Creating the ‘new’ Asian woman: entanglements of urban space, cultural encounters and gendered identities in Shanghai and Delhi (SINGLE)

This HERA project on single women in Delhi and Shanghai is carried out together with Christiane Brosius (Heidelberg University, Project Leader) and Melissa Butcher (Open University, PI). The project will start in September 2013 and run for three years.

Project Summary

The context of urban transformation in India and China is enabling the formation of new cultural geographies and biographies for single women. Cities such as Shanghai and Delhi are the backdrop to changing family patterns and the unravelling of ‘traditional’ social contracts as a result of migration, new work opportunities, delayed marriage, divorce, open homosexuality, and a growing leisure and consumer society. As a result, single women are becoming increasingly visible in public, be it through media representations or everyday practices and mobilities. Their presence is informed by repertoires of cultural encounter stemming from urban and national histories, globalised media landscapes and aspirations to cosmopolitanism and Global City status. Yet the resulting subjectivities are precarious, marked by asymmetrical power relations reflecting opposition to ‘westernisation’ and associated perceptions of transgressions of normative gendered comportment and spaces such as the domestic and the public. Gendered imaginaries of emancipation are contested in the light of a variety of cultural practices that impact women’s multiple lifeworlds.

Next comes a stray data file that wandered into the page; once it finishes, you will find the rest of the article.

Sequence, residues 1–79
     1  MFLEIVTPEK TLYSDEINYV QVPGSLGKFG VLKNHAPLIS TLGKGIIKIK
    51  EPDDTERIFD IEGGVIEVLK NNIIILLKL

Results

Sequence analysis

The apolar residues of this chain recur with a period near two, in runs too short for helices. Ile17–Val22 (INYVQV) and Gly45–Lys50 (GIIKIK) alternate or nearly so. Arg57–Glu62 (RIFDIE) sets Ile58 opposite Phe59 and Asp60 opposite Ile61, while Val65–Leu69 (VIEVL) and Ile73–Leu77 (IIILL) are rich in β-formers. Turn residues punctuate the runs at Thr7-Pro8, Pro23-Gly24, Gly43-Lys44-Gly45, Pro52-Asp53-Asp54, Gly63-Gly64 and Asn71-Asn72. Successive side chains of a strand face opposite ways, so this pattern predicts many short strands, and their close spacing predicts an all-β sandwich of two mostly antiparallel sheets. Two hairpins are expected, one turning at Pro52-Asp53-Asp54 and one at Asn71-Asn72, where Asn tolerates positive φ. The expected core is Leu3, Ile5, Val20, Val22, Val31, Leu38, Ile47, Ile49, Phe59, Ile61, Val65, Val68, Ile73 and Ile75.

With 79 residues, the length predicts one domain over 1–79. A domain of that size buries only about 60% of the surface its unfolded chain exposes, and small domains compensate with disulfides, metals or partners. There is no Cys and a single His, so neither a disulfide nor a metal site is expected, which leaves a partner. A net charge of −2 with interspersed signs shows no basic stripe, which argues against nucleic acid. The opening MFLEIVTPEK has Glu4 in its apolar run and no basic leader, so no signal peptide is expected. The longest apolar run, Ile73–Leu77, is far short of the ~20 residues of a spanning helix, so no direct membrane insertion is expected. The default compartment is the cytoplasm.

SINGLE uses ethnographic, mobile and visual methodologies to explore these concerns, documenting the experiences of single women in Delhi and Shanghai that are indicative of wider social and demographic transformations, and set within wider debates of cultural encounter, world cities and globalisation. ‘Singleness’ includes temporal and spatial understandings, repositioning it as salient to collective as well as personal identity and experience (e.g. loneliness or independence), and as a phenomenon that women move into and out of throughout their lives. The research sites are linked by a conceptual framework centred on transcultural analysis and cross-cutting themes of class, governance, precarity and the shifting boundaries of public and private space. The project as a whole allows for an exploration of the specific as well as similar trajectories and experiences of both cities, extending scholarship in comparative urban theory through inter-disciplinary and multi-sited research. The project also aims to extend work in the Digital Humanities, using a state-of-the-art online platform for both analysis and the creation of an interactive public gallery. Visual methods are central to this work and collaboration with artists in Shanghai and Delhi will culminate in public events in Shanghai, Delhi and Amsterdam.

Here you can find the final poster of this project.